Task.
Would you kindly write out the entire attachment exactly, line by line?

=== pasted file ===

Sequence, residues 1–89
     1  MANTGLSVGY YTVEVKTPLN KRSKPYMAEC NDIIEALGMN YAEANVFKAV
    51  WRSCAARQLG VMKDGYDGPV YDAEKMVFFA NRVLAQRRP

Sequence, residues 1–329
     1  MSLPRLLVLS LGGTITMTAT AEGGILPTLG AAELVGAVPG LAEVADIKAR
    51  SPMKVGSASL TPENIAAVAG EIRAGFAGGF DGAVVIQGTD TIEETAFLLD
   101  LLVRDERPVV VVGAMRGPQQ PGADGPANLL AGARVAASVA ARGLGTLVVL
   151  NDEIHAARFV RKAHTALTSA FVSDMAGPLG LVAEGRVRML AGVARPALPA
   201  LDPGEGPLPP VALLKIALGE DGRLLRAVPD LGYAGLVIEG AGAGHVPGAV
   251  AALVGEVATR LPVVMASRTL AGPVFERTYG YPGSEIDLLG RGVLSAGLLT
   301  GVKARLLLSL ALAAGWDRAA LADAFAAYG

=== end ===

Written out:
Sequence, residues 1–89
     1  MANTGLSVGY YTVEVKTPLN KRSKPYMAEC NDIIEALGMN YAEANVFKAV
    51  WRSCAARQLG VMKDGYDGPV YDAEKMVFFA NRVLAQRRP

Sequence, residues 1–329
     1  MSLPRLLVLS LGGTITMTAT AEGGILPTLG AAELVGAVPG LAEVADIKAR
    51  SPMKVGSASL TPENIAAVAG EIRAGFAGGF DGAVVIQGTD TIEETAFLLD
   101  LLVRDERPVV VVGAMRGPQQ PGADGPANLL AGARVAASVA ARGLGTLVVL
   151  NDEIHAARFV RKAHTALTSA FVSDMAGPLG LVAEGRVRML AGVARPALPA
   201  LDPGEGPLPP VALLKIALGE DGRLLRAVPD LGYAGLVIEG AGAGHVPGAV
   251  AALVGEVATR LPVVMASRTL AGPVFERTYG YPGSEIDLLG RGVLSAGLLT
   301  GVKARLLLSL ALAAGWDRAA LADAFAAYG